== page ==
The Overheating Camry That Is Not Overheating? Help

I have a 2000 Camry LE 4 cylinder with approximately 106,000 miles on it. For the last year, the temperature gauge has not stayed at the midpoint where it normally ran for the first 6 years I had the car. At first, if I turned on the air, it kicked in the fans and the gauge went down- initially, the problem was intermittent, but never stopped me from taking a vacation in Utah. About a year ago, I changed the timing chain and did the water pump and thermostat and most recently- about 2 weeks ago, I changed the radiator, which was cracked, another thermostat and all 3 sensor switched- the fan switch at the bottom of the radiator and the coolant temperature sensor and switch on the right side of the engine block where the hose from the top of the radiator comes in.

Today, I had a radiator shop test the car. According to them, the car is not at all running hot- they tested it with a laser sensor at the thermostat hose, the radiator and the return hose into the block. According to them, their final word today was that it is just the temperature gauge that is not functioning correctly- although yesterday they thought it was a bad fan switch and earlier today a bad thermostat. But since I changed the sensors…what could be causing this? I have also noticed that when the needle, which now heads up to about a half inch from the red and stays there, it will come down if I turn on the heater with the heater fan on.

What has remained consistent with the problem, since it started a year ago is that the radiator fans will ultimately come on by themselves, it just does so very late when the needle is close to the red- only now, it is closer to the red than I have ever seen it, even though, the radiator shop and I don’t believe it is actually overheating. I would like to get this fixed, but by somebody who has at least a notion of what is going on and at least a theory as to what they are going to try- that I already haven’t. Any suggestions would be very much appreciated. Thank you for your time in considering my request.

Leonard Isenberg


cell 323.383.7805

First of all, I don’t know that I’d be too keen on posting my phone numbers on a public forum like this…

Second, do you ever notice any coolant missing?

 I would suggest the only way you are going to really find out is to add a temporary temperature sensor to figure out what is really going on.   I suspect it is a gauge/sensor issue.  You could remove the gauge sensor and put it in a fluid that you heat up while it is still connected to the car. Measure the output and watch the gauge while the fluid is heating up and is being measured by a separate device and see what is happening.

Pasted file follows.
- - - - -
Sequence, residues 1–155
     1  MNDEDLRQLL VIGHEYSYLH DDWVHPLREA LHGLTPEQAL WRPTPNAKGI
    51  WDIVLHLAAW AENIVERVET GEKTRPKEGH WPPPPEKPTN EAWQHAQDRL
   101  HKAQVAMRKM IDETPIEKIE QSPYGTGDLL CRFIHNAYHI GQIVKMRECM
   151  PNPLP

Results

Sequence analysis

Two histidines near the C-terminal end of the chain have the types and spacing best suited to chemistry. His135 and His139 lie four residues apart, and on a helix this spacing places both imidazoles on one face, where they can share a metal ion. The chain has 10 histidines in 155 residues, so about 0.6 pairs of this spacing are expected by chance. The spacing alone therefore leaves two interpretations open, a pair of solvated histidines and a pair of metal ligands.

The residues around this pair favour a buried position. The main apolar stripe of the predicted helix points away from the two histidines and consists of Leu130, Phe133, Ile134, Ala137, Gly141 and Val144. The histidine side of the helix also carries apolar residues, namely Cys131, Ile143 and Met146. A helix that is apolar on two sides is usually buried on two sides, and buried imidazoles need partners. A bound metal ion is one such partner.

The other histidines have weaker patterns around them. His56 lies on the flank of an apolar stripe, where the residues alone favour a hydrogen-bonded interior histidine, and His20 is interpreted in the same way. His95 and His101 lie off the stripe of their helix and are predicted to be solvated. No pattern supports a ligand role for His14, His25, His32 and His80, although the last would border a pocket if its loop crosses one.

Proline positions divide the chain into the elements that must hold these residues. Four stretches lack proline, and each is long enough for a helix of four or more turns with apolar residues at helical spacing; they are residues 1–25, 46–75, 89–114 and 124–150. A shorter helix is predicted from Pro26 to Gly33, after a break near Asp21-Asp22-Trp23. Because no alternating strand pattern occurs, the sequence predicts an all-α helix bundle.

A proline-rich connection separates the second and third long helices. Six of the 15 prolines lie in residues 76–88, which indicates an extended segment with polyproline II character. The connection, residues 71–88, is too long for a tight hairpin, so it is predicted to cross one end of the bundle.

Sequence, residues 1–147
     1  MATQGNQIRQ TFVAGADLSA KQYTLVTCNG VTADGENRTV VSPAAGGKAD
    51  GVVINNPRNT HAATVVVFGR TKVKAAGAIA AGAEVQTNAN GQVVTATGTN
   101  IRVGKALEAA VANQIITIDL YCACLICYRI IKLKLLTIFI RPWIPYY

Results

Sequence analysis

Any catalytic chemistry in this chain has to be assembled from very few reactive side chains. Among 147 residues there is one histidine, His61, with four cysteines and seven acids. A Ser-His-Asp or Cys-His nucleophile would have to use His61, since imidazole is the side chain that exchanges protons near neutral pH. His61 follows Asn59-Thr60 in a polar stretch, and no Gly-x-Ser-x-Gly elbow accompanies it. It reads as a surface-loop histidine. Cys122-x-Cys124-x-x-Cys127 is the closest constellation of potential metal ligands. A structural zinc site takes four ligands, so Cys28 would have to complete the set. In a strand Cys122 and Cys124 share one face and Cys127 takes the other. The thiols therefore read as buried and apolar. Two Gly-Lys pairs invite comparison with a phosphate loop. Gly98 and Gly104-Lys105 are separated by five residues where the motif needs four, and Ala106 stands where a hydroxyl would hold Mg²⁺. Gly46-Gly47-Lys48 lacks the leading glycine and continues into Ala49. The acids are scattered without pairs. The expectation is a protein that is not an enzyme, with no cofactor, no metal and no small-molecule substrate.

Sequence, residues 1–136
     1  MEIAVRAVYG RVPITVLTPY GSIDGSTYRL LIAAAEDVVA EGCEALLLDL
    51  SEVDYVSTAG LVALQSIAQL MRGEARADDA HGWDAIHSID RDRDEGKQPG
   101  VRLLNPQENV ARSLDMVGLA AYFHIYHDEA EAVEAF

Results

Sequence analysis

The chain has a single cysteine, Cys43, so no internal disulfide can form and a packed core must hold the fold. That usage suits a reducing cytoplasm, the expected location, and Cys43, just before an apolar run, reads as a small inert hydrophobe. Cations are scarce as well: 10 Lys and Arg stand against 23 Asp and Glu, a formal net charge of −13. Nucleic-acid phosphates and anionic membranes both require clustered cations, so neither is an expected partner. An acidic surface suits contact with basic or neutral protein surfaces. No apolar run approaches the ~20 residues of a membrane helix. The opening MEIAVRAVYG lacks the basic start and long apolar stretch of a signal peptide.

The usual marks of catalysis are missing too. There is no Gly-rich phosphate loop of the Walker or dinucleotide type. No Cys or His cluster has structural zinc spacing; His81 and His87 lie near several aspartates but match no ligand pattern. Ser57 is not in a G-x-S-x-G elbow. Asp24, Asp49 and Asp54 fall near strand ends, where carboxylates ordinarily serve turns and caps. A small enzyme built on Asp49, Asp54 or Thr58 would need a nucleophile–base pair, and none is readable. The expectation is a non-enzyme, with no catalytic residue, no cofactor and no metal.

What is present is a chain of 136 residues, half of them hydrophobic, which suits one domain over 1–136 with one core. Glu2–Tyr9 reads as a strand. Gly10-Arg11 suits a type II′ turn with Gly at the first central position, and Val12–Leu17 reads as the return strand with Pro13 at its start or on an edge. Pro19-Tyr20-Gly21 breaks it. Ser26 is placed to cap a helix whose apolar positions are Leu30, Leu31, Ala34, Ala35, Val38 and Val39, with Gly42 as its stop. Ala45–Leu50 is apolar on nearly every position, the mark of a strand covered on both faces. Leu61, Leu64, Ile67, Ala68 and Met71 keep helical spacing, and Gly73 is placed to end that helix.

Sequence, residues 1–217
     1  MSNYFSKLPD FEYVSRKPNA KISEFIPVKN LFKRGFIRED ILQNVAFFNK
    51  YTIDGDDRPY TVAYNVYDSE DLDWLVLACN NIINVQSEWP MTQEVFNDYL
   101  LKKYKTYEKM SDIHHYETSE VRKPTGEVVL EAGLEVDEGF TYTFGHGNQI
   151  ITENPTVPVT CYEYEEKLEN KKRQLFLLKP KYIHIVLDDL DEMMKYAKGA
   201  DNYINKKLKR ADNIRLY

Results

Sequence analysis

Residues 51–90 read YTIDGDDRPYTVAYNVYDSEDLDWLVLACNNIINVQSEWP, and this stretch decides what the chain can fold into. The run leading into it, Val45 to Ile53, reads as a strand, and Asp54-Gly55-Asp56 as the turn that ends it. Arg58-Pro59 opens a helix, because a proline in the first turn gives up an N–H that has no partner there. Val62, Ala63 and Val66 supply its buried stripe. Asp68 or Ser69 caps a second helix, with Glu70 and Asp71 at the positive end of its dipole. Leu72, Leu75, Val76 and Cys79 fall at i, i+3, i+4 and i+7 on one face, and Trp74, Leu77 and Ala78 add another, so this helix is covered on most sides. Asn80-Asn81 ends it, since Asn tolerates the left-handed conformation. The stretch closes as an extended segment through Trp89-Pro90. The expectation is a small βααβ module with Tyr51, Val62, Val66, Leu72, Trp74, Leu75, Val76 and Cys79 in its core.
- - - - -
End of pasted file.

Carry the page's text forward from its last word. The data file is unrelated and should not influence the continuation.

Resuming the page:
Frankly I would not worry about it as long as you are comfortable that it is not really over heating and that the gauge is not showing over heating.  They don't make the gauges very accurate.  They are just trying to tell you that they are cold warm or hot, and it is doing that don't worry.

No coolant missing- the system is now virtually new.

Thanks. The new external temperature monitor gauge might be the cheapest way to verify what the temperature is at any time and to assure myself that it truly isn’t overheating. The reason I just don’t leave it is that it stayed rock solid at the middle for the first 6 years I had the car and I think that what is going on must be knowable. It scares my wife and daughter to see it just below red…me too, even though I know the laser shows me that the actual temperature is actually okay. Thanks again.

The one thing that sounds suspicious is that the temperature gauge will drop if you turn on the heater with the heater fan on. You are effectively adding another radiator to the cooling loop to remove some of the heat. My first theory is that you may have bugs or debris on the exterior of the radiator, but you said that you replaced the radiator. However, there may be some reason why not as much air is circulating around the radiator. The radiator company probably tested the coolant flow in the shop. Things are different on the highway. Has some piece on the front end that would direct the air flow to the radiator been removed or possibly fallen off? I remember one case of an autombile manufacturer having problems with cars that would overheat in some states and not in other states. The terrain of the land was not a factor. The overheating would occur in cars sold in one state and not occur in cars sold in a contiguous state with the same terrain. The cause turned out to be the front license plate. In states that required a front license plate, the cars would overheat. Somehow the design of the grille caused a front plate to change the airflow pattern. These cars didn’t have the problem in states that issued only one license plate for the rear. Did you put a vanity plate on the front of your car? (I know this sounds far out, but you seem to have eliminated the common solutions). If you ever find the problem, I’ll bet it has something to do with the way the air circulates through the radiator.

When the radiator shop tested the temperature with a laser temperature tester, the radiator and both hoses showed that the car was running perfectly normally in terms of coolant temperature- it is only the temperature gauge that mistakenly tell you that you are close to the red. As best as I can figure, the sensor is giving the correct information to the computer, which is giving the wrong info to the gauge- maybe it is best…and less expensive to put in a second after market coolant temperature sensor that reports directly to the driver.

Has the system been checked for exhaust gases leaking into the coolant? It sounds like you may have a headgasket leak.